Relief pitchers grow on trees, or that is what some people think. Being a relief pitcher is tough work. Relief pitchers get brought into games in situations that leave them destined to fail, while being held accountable (thanks to the inherited runner statistics) for allowing runners, who weren’t their responsibility, to score. On most nights, relief pitchers need to get between one to three outs, but there are still some multiple inning types out there that have established tremendous value for themselves and their clubs. For the guys who only get one inning or are stuck in the middle, this is your day. This is a list of the top relievers in baseball at mid-season.
Top Five Shutdown Closers (95 percent or higher save percentage):
- Mariano Rivera, Yankees: 26/27, 1.55 ERA, 1.24 WHIP
- Joe Nathan, Rangers: 26/27, 1.56 ERA, 0.84 WHIP
- Jason Grilli, Pirates: 27/28, 1.77 ERA, 0.84 WHIP
- Grant Balfour, A’s: 18/18, 2.03 ERA, 1.13 WHIP
- Edward Mujica, Cardinals: 21/21, 2.20 ERA, 0.73 WHIP
- Aroldis Chapman, Reds: 15.09
- Jason Grilli, Pirates: 14.64
- Greg Holland, Royals: 14.59
- Andrew Miller, Red Sox: 14.28
- Charlie Furbush, Mariners: 13.50
- Shawn Kelley, Yankees: 13.34
- Koji Uehara, Red Sox: 13.09
- Oliver Perez, Mariners: 13.04
- Kenley Jansen, Dodgers: 12.95
- Ernesto Frieri, Angels: 12.87
- Jesse Crain, White Sox: 2.0
- Jason Grilli, Pirates: 1.9
- Mark Melancon, Pirates: 1.4
- Drew Smyly, Tigers: 1.3
- Greg Holland, Royals: 1.2
- Trevor Rosenthal, Cardinals: 1.2
- Glen Perkins, Twins: 1.2
- Bobby Parnell, Mets: 1.2
- Ryan Cook, A’s: 1.1
- Robbie Ross, Rangers: 1.1
- Anthony Swarzak, Twins: 23 G, 52.2 IP, 3.08 ERA, 1.18 WHIP
- Drew Smyly, Tigers: 29 G, 49 IP, 2.20 ERA, 1.02 WHIP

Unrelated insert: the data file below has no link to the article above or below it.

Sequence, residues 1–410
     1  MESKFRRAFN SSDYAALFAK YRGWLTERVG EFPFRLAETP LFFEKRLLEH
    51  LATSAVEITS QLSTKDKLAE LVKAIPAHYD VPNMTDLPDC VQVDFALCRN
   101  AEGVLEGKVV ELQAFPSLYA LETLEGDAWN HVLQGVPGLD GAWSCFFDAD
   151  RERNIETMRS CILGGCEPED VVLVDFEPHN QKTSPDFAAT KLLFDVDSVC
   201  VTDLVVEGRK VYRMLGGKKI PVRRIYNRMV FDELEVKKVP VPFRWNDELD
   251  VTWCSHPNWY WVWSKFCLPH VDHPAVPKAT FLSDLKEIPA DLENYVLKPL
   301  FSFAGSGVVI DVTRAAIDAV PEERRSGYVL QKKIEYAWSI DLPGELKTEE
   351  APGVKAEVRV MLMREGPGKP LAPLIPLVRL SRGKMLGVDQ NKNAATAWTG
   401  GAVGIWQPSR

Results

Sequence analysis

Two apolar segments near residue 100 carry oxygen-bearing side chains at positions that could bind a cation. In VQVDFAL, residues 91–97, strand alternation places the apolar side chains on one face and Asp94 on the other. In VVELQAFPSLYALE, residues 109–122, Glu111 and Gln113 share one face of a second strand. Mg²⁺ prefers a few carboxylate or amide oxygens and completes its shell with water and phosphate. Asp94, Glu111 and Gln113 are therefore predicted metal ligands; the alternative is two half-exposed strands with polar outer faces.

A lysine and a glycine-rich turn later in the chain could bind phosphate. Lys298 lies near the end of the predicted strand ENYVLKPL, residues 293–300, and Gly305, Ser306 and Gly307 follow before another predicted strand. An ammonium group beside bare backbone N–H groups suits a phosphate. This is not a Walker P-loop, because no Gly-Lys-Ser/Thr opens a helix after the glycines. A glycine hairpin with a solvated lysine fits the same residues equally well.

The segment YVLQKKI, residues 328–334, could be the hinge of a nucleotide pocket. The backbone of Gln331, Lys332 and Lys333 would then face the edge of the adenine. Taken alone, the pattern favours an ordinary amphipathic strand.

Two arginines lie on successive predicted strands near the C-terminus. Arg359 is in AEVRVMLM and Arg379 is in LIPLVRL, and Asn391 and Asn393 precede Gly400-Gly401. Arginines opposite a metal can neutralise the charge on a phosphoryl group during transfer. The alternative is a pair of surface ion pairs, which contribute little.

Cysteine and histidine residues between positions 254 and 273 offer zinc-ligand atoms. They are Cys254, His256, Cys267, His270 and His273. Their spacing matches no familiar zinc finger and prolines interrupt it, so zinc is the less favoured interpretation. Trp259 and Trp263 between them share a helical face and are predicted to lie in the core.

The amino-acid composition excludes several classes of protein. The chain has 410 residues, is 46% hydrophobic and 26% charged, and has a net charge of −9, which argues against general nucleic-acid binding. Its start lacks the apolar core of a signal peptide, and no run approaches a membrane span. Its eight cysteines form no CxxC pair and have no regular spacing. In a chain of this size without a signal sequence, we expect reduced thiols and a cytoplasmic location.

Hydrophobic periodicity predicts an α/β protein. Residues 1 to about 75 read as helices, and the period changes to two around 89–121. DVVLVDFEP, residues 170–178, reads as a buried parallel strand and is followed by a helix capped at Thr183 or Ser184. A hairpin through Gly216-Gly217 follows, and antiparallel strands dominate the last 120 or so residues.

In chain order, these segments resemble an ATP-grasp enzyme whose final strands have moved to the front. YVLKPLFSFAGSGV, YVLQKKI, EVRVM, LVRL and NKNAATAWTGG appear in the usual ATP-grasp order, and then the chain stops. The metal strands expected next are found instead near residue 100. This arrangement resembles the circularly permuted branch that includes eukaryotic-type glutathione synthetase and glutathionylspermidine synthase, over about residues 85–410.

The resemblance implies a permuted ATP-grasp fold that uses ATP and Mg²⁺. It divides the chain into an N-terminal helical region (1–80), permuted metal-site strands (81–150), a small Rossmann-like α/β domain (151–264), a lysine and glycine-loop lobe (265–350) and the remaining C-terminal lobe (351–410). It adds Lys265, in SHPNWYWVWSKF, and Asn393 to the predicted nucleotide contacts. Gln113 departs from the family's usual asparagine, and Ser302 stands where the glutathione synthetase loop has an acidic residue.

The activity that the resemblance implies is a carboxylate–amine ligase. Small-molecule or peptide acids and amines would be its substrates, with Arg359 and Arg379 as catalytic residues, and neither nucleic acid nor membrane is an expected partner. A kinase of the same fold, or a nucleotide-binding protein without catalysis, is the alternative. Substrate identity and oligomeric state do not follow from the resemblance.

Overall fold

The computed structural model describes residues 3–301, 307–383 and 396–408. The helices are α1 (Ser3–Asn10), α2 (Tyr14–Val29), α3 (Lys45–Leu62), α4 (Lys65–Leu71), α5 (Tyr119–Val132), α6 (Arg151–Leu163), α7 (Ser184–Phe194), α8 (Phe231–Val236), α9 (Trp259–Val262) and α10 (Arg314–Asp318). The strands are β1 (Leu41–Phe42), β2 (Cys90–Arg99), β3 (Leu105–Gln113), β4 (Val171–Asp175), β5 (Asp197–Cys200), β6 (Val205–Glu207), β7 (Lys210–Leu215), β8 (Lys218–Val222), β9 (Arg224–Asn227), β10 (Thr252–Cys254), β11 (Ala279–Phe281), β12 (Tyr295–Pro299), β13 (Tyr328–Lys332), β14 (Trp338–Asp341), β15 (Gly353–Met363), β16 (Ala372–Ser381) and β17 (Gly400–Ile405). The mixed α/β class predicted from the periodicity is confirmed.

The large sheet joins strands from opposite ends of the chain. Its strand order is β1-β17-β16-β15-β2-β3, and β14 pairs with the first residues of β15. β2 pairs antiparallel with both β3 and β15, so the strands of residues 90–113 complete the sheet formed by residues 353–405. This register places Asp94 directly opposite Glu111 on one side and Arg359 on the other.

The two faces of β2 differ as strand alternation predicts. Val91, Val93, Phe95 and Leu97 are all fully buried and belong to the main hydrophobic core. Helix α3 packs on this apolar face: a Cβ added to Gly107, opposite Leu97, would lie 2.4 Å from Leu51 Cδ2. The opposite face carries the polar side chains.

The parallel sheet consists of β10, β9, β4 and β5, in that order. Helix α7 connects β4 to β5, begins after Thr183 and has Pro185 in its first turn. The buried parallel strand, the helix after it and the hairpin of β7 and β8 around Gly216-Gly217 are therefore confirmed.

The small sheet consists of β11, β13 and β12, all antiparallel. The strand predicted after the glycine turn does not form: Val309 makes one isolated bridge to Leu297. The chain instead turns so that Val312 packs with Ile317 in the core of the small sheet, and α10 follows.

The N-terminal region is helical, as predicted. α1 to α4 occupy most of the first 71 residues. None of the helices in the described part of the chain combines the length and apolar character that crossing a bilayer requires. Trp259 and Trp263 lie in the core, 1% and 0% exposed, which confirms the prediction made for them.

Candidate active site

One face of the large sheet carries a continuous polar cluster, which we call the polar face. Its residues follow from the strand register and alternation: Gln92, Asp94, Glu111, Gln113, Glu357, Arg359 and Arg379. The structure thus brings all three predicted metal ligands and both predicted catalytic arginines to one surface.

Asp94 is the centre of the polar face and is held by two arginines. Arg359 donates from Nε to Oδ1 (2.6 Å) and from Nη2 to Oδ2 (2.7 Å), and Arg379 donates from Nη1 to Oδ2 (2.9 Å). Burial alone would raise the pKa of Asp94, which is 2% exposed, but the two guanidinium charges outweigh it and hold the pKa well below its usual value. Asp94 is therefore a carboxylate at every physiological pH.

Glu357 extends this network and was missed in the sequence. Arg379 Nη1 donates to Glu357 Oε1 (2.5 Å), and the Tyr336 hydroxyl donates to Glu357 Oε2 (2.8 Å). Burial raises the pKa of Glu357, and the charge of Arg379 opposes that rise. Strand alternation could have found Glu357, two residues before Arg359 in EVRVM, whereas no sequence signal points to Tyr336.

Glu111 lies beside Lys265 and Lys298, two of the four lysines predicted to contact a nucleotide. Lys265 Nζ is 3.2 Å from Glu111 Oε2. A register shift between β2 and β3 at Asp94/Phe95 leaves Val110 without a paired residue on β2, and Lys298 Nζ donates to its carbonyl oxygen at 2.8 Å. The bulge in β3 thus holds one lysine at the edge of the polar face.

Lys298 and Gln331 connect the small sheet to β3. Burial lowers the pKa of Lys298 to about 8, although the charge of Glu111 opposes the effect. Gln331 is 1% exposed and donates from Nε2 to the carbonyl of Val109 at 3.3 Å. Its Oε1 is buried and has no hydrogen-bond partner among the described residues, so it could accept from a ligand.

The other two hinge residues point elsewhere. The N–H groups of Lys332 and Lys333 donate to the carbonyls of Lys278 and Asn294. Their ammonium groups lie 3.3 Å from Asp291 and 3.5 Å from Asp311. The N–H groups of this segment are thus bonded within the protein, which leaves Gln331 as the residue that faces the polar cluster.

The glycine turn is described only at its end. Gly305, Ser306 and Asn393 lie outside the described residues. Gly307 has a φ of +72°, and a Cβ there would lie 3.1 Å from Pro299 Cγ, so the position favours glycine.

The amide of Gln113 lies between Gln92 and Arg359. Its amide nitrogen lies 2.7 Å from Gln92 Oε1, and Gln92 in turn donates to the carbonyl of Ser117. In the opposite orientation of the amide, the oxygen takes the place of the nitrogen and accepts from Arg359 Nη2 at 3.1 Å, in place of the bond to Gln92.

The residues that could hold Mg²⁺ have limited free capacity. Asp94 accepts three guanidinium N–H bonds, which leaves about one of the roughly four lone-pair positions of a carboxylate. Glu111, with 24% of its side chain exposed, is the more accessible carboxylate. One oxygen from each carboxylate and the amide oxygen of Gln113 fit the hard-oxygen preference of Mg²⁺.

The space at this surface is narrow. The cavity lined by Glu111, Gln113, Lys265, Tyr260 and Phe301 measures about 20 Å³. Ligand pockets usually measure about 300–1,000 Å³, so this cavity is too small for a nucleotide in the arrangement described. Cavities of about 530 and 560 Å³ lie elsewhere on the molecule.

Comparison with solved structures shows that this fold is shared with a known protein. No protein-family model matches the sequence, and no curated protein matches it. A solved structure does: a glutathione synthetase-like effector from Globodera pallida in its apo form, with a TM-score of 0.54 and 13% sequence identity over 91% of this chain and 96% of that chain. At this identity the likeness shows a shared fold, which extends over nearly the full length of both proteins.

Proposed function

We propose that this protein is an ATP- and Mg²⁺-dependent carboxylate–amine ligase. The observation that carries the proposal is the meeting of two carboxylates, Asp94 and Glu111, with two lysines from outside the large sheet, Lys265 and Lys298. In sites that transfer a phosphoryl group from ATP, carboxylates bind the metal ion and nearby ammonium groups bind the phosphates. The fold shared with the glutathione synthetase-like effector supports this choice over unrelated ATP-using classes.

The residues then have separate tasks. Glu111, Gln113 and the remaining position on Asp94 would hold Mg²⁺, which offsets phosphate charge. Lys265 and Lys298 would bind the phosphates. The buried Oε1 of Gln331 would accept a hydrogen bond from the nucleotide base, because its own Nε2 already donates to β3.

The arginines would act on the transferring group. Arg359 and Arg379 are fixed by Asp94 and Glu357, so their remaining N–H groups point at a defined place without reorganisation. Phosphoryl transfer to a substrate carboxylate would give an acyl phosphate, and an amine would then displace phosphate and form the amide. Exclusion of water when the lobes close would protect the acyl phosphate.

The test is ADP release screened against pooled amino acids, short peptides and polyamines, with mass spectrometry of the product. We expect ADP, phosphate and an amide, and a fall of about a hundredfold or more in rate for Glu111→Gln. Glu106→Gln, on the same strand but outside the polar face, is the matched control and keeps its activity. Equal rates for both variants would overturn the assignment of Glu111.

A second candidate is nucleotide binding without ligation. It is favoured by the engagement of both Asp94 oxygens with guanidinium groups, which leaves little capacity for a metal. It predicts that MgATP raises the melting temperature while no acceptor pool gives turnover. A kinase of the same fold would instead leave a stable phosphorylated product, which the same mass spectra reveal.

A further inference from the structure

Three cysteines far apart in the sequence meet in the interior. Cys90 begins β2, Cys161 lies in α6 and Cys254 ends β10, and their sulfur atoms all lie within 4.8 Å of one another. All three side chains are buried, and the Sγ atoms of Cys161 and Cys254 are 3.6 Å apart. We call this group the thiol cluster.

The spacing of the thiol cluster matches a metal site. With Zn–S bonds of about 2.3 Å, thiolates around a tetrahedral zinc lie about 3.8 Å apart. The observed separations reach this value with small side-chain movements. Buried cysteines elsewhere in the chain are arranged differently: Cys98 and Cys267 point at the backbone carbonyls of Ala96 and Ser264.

- Tommy Hunter, Orioles: 31 G, 44.1 IP, 2.03 ERA, 0.86 WHIP
- Justin Wilson, Pirates: 29 G, 44.1 IP, 2.23 ERA, 1.04 WHIP
- Josh Collmenter, Diamondbacks: 20 G, 42.2 IP, 2.32 ERA, 1.03 WHIP
Top Five vs. RH (based on AVG. against, min. 10 IP):
- Alex Torres, Rays: 14.1 IP, 20/5 K/BB, .065 AVG, 0.56 WHIP
- Neal Cotts, Rangers: 11.2 IP, 11/2 K/BB, .105 AVG, 0.51 WHIP
- Luke Hochevar, Royals: 16.1 IP, 21/5 K/BB, .115 AVG, 0.67 WHIP
- Tommy Hunter, Orioles: 22.1 IP, 23/5 K/BB, .118 AVG, 0.63 WHIP
- Tom Wilhelmsen, Mariners: 18.1 IP, 15/7 K/BB, .119 AVG, 0.76 WHIP
Odd to see Torres and Cotts up so high here given that they are both left-handed.
Top Five vs. LH (based on AVG. against, min. 10 IP):
- Ernesto Frieri, Angels: 19 IP, 33/13 K/BB, .109 AVG., 1.05 WHIP
- Carlos Marmol, FREE AGENT/CUBS (YES, THAT GUY!!!): 13.1 IP, 20/8 K/BB, .119 AVG, 0.98 WHIP
- Koji Uehara, Red Sox: 18.2 IP, 27/6 K/BB, .125 AVG, 0.75 WHIP
- Luis Avilan, Braves: 16.1 IP, 12/4 K/BB, .127 AVG, 0.67 WHIP
- Kevin Gregg, Cubs: 14 IP, 16/5 K/BB, .133 AVG, 0.79 WHIP
All but Avilan are right-handed and Marmol has the reverse split that some teams should look out for when he clears waivers.
- Alex Torres, of the Rays, has a 0.39 ERA, a 0.57 WHIP, and a .080 average against while posting a 31/7 K:BB in 23 innings.
- Neal Cotts, of the Rangers, has a 0.41 ERA in 19 innings after posting a 5.06 ERA over 155 appearances with the Cubs and White Sox between 2006 and 2009 and not spending a single day in the majors from 2010 through 2012.
- From April 10th to June 27, Rex Brothers, of the Rockies, appeared in 32 games and tossed 30 straight scoreless innings. He has a 0.52 ERA this season, having allowed two runs all year.
How many of these relief pitchers will keep up this type of dominance? In such an unpredictable role, some of the same names on this list will be cursed by fans for blowing a single game. The joys of being a professional athlete.